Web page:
WHO
      Immunization dashboard: Kuwait.
      The improvements made thus far in population immunity need to be sustained by maintaining high immunization coverage. Hence, this study was conducted to assess the impact of the COVID-19 pandemic on routine immunization by comparing immunization visits during 4 abbreviated time frames: prepandemic period in 2019, the period of the first lockdown imposed in the country with stay-at-home orders (March–May), the reopening period (June–August) in 2020, and the months in 2021 corresponding to these periods.
      Table 1Means and Total Vaccination Visits by Month March–August 2019, 2020, and 2021
      Year and change over timeMarchAprilMayMean March–MayJuneJulyAugustMean June–August
      201937,28533,00729,94733,41331,12832,99529,26631,130
      202025,30628,42217,50823,74533,81934,58036,09134,830
      202133,80225,02425,41928,08228,32624,87632,00428,402
      Change 2020–2019, %−32.1−13.9−41.5−28.9%

      (p=0.044)

      Cohen's d effect size=2.49
      +8.0+4.6+18.9+10.6

      (p=0.030) Cohen's d effect size=2.922
      Change 2021–2020, %+25.1−13.5+31.1+15.4%

      (p=0.185)

      Cohen's d effect size=1.009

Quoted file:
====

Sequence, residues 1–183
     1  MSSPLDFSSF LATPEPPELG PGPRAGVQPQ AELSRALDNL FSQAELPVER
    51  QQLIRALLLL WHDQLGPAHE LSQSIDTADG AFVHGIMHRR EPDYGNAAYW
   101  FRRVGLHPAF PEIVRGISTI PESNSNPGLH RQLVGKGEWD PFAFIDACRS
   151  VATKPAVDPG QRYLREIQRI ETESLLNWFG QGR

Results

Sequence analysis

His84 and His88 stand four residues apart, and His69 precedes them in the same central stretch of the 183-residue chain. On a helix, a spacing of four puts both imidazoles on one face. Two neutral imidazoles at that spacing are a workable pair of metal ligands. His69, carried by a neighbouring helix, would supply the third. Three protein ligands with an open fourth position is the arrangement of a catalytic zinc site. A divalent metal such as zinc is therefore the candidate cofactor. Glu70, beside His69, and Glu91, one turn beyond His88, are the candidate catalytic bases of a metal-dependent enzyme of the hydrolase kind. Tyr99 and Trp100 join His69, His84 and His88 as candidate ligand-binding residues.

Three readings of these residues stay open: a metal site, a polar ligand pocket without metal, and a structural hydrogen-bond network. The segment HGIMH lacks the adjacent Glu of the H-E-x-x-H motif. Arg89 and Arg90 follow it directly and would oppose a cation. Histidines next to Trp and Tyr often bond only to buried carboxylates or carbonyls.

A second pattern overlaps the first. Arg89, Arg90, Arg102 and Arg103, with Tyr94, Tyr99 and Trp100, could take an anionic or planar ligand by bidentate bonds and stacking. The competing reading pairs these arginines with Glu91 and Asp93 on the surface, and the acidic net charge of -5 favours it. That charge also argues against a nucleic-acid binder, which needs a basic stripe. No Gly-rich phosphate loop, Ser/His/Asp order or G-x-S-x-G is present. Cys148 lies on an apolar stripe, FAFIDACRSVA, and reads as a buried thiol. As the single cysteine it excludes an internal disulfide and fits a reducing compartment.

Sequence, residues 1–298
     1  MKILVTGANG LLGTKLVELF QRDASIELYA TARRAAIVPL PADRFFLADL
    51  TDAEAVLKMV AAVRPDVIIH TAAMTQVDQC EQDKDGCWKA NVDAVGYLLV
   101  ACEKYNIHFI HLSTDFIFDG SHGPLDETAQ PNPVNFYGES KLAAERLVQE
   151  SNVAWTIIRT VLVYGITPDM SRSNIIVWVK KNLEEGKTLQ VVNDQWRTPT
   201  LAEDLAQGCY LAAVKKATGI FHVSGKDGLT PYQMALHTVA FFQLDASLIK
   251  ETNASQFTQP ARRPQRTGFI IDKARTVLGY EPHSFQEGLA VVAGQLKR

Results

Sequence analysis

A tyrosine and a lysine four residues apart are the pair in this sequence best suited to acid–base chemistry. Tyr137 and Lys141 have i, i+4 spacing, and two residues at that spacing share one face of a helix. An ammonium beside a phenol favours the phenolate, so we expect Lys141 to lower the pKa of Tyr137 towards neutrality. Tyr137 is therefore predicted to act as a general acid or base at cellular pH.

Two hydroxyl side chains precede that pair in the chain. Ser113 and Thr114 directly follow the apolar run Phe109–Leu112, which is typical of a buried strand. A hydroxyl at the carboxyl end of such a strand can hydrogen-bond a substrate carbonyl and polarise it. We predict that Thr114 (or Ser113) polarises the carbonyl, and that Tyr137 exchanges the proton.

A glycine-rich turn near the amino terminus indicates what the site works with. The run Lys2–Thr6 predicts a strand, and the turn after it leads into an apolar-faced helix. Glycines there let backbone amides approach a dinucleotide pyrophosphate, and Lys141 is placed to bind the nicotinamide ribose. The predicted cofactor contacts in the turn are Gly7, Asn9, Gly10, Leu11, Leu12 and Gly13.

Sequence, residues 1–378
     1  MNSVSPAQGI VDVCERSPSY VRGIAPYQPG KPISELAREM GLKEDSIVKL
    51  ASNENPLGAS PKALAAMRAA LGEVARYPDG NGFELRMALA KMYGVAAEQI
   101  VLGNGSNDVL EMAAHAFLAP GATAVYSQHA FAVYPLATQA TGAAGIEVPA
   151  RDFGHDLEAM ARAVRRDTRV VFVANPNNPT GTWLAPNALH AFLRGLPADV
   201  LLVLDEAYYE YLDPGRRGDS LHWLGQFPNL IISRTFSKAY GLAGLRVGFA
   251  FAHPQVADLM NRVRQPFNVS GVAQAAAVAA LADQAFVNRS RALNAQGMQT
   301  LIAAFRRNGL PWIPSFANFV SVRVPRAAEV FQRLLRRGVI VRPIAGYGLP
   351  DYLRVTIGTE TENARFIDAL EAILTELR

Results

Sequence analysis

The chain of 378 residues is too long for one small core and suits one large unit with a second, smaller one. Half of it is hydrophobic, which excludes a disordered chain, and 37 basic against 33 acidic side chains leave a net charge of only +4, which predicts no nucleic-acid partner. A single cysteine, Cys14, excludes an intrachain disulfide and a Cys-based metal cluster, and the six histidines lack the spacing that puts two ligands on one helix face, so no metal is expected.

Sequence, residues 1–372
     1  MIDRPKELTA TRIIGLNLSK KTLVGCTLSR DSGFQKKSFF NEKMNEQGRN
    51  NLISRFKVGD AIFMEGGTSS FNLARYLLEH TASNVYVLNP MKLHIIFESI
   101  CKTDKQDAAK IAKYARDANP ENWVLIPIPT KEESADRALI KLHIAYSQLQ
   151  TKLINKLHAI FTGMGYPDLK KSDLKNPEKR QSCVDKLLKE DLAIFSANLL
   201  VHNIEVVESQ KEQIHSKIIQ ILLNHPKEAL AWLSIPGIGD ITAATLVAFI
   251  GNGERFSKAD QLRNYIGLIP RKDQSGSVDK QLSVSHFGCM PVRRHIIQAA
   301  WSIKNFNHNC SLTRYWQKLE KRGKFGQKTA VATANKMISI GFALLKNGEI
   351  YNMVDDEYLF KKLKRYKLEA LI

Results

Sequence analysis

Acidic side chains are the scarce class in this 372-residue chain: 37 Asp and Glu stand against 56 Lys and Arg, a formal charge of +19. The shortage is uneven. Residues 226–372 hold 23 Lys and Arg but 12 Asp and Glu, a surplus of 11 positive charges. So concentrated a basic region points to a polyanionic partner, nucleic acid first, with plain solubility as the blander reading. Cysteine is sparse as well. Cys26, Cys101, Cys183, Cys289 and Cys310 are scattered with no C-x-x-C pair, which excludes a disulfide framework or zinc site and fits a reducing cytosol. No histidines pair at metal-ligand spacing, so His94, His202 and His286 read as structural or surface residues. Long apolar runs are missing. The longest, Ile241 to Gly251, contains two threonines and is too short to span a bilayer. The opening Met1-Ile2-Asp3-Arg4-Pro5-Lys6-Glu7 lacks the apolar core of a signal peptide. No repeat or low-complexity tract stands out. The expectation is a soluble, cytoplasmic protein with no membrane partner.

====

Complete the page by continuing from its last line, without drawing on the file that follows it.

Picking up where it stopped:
−16.2−28.1−11.3−18.5

      (p=0.048)

      Cohen's d effect size=2.971
      Change 2021–2019, %−9.3−24.2−15.1−16.0%

      (p=0.104)

      Cohen's d effect size=1.495
      −9.0−24.6+9.4−8.8

      (p=0.162)

      Cohen's d effect size=1.175
      Notes: Boldface indicates statistical significance (p<0.05). The mean change between lockdown (March–May) and reopening (June–August) period in 2020 is +31.8% (p=0.039). Cohen's d effect size=3.35.

      METHODS

      Study Population

      Kuwait is a small country that hosts one of the most modern healthcare infrastructures in the Middle East. Healthcare services are provided by the government free of charge to all citizens as well as to non-Kuwaiti residents.
      This was an observational study with a retrospective secondary analysis of monthly immunization data available for children aged ≤24 months from the EPI Department, Public Health Directorate from January 2019 to August 2021. Vaccine administration in the following 4 time periods was analyzed: March 2019–May 2019 (before pandemic), March 2020–May 2020 (lockdown or stay-at-home period), June 2020–August 2020 (post-lockdown period), and March 2021–May 2021 (acclimatization).

      Measures